Have a foot or ankle injury? Don't wait to get treated.

Tuesday, 21 September 2021 00:00

How Do Doctors Treat Diabetic Foot Ulcers?

Diabetic foot ulcers (DFUs) are a common complication of that can occur because of diabetes. People with diabetes often have poor circulation and neuropathy which make foot wounds slow to heal and difficult to detect. If your doctor spots a DFU on your foot, there are several potential treatment options, depending on the severity of the wound. Your doctor may debride the wound by removing dead tissue. A bandage will usually be placed over the wound to keep the area moist and protect it from infection. Taking pressure off of the wound, by resting the foot and using cushions, braces, or orthotics, will help it heal. In very severe cases, surgery may be necessary. If you have a DFU, please seek the care of a podiatrist. 

Wound care is an important part in dealing with diabetes. If you have diabetes and a foot wound or would like more information about wound care for diabetics, consult with Paul Potach, DPM from Illinois . Our doctor will assess your condition and provide you with quality foot and ankle treatment.

What Is Wound Care?

Wound care is the practice of taking proper care of a wound. This can range from the smallest to the largest of wounds. While everyone can benefit from proper wound care, it is much more important for diabetics. Diabetics often suffer from poor blood circulation which causes wounds to heal much slower than they would in a non-diabetic.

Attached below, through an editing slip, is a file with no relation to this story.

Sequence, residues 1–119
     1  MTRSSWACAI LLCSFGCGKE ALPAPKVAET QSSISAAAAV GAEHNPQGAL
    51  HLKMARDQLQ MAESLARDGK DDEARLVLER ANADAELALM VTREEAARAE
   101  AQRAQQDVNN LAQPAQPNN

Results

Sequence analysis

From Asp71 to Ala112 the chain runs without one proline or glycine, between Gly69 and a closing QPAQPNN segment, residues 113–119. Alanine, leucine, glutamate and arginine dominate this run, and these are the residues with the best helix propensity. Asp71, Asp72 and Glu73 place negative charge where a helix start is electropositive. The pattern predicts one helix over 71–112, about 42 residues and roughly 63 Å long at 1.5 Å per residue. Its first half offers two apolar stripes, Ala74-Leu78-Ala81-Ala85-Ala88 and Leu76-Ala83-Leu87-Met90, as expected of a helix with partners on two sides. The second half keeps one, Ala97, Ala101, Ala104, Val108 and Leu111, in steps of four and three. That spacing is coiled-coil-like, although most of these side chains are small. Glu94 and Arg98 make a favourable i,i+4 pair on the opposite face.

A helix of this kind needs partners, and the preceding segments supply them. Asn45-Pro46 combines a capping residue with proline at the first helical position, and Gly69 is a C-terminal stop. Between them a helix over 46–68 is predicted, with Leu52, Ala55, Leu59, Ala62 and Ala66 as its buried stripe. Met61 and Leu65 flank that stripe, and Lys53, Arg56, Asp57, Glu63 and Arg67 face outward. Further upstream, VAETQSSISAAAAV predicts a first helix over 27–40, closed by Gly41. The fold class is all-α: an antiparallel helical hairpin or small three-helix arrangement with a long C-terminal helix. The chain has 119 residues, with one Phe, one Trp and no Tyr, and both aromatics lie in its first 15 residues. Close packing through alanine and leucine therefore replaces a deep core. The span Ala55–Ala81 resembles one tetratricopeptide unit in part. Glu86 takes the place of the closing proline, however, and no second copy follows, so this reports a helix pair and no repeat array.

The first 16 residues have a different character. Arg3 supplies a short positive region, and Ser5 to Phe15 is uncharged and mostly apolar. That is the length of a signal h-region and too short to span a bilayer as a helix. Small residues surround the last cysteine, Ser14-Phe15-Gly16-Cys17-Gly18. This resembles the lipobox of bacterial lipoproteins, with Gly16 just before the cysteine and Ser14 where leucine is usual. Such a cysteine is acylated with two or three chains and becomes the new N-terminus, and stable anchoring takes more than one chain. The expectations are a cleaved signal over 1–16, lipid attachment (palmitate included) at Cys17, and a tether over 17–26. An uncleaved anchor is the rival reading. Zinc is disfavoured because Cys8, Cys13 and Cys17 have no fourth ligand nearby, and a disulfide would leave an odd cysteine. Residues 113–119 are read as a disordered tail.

What Is the Importance of Wound Care?

While it may not seem apparent with small ulcers on the foot, for diabetics, any size ulcer can become infected. Diabetics often also suffer from neuropathy, or nerve loss. This means they might not even feel when they have an ulcer on their foot. If the wound becomes severely infected, amputation may be necessary. Therefore, it is of the upmost importance to properly care for any and all foot wounds.

How to Care for Wounds

The best way to care for foot wounds is to prevent them. For diabetics, this means daily inspections of the feet for any signs of abnormalities or ulcers. It is also recommended to see a podiatrist several times a year for a foot inspection. If you do have an ulcer, run the wound under water to clear dirt from the wound; then apply antibiotic ointment to the wound and cover with a bandage. Bandages should be changed daily and keeping pressure off the wound is smart. It is advised to see a podiatrist, who can keep an eye on it.

If you have any questions, please feel free to contact our offices located in Wheeling and Berwyn, IL . We offer the newest diagnostic and treatment technologies for all your foot care needs.

Read more about Wound Care
Tuesday, 14 September 2021 00:00